In summary

High speed rail requires a dedicated track and electrification, and almost a decade ago legislators prohibited a dedicated track in the Bay Area and non-electrified track in other areas.

By Quentin L. Kopp, San Francisco

Quentin L. Kopp is a retired judge and former state senator.

Re “Recognize the progress of high speed rail project and drop the term ‘boondoggle’ “; Commentary, July 14, 2020 

My 1994 state Senate legislation established the California High-Speed Rail Project. It’s not inherently a “boondoggle”; it’s been made a boondoggle by politicians transforming it from high-speed to low-speed. 

Functionally, high-speed rail requires a dedicated track and electrification. Almost a decade ago, legislative predecessors of state Sens. Jim Beall and Scott Wiener prohibited dedicated track to prevent the High-Speed Rail Authority from acquiring its own right-of-way from San Francisco to Gilroy. Thus, high-speed rail must use the Caltrain tracks, which limits no more than four trains hourly in primetime, because Caltrain, the right-of-way owner, will run six trains per hour.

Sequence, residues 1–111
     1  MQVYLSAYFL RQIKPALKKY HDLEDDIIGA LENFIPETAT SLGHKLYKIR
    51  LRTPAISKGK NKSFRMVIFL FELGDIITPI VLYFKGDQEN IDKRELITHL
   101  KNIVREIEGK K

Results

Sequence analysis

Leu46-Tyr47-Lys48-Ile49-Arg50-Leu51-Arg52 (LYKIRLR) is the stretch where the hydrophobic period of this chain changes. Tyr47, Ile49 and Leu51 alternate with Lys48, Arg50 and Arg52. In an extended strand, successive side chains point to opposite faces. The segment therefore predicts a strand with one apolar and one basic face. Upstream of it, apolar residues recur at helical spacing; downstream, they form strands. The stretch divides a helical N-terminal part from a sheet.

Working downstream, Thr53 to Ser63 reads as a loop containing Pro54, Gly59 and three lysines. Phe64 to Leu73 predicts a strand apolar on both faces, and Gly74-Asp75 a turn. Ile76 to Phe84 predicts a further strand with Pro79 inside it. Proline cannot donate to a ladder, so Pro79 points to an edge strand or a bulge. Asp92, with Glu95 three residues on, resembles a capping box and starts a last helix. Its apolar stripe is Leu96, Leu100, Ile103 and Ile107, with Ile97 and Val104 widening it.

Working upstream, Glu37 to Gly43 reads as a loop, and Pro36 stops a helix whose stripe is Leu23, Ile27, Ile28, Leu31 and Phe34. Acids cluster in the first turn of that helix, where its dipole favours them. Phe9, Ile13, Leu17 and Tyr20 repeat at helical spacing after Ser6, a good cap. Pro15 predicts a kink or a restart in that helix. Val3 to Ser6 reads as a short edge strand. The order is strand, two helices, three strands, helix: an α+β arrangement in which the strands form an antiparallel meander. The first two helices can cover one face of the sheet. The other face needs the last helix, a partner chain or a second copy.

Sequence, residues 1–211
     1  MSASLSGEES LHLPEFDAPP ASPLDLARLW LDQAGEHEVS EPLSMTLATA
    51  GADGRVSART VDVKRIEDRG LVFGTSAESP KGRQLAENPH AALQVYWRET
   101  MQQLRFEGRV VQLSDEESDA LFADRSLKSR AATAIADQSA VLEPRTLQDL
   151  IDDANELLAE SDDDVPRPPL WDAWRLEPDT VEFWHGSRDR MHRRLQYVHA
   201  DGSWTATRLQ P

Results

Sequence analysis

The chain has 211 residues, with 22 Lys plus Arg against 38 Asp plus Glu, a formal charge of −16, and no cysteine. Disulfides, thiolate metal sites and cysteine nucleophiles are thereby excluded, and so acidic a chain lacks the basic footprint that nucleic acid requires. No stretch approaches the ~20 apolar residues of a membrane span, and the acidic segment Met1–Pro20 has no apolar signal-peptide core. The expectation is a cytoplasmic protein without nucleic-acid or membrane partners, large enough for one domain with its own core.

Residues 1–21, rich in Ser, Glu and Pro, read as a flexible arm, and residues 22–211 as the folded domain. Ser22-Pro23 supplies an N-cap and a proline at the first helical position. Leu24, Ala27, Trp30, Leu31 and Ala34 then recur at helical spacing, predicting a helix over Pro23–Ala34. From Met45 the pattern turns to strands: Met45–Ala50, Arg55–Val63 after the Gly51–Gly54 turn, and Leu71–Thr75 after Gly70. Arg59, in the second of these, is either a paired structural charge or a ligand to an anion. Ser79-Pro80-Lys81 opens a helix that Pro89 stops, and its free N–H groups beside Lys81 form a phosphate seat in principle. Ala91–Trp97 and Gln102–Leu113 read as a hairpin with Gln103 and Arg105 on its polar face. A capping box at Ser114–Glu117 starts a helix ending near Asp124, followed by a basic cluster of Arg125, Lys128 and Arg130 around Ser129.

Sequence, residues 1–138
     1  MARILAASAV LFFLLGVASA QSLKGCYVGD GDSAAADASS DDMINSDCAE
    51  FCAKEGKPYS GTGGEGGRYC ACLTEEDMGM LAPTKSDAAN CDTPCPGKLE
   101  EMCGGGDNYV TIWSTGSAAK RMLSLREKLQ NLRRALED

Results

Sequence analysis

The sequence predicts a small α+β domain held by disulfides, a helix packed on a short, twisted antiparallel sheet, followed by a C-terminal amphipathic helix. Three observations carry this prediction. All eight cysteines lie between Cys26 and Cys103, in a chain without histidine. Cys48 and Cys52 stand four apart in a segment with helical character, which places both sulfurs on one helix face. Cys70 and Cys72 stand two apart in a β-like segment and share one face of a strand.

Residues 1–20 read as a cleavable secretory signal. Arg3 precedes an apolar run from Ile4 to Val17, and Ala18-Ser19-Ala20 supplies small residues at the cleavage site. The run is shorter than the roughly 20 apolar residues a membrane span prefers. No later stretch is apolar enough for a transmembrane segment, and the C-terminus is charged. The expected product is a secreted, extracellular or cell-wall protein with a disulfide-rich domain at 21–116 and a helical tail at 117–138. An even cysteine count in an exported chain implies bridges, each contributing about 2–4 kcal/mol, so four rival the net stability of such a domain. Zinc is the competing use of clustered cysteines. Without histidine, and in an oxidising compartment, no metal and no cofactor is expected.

Spending billions, the authority decided eight years ago to begin construction from Merced to Bakersfield in the Central Valley, using funds from the 2008 voter-approved general obligation bond and from the Federal Railroad Administration. But the plan for the track is actually non-electrified, and it’s conventional diesel train operation will compete with nearby Amtrak service. 

Of the $9 billion bond approved for high-speed rail, approximately $5 billion has not been spent, according to the California Controller. It behooves our legislators either to demand the High-Speed Rail Authority restore dedicated track and electrification or ask voters in November to authorize dividing unspent bond funds between Metrolink in Southern California and Caltrain in the Bay Area for needed improvements. Otherwise, high-speed rail will never be a Golden Gate Bridge or even a BART system.

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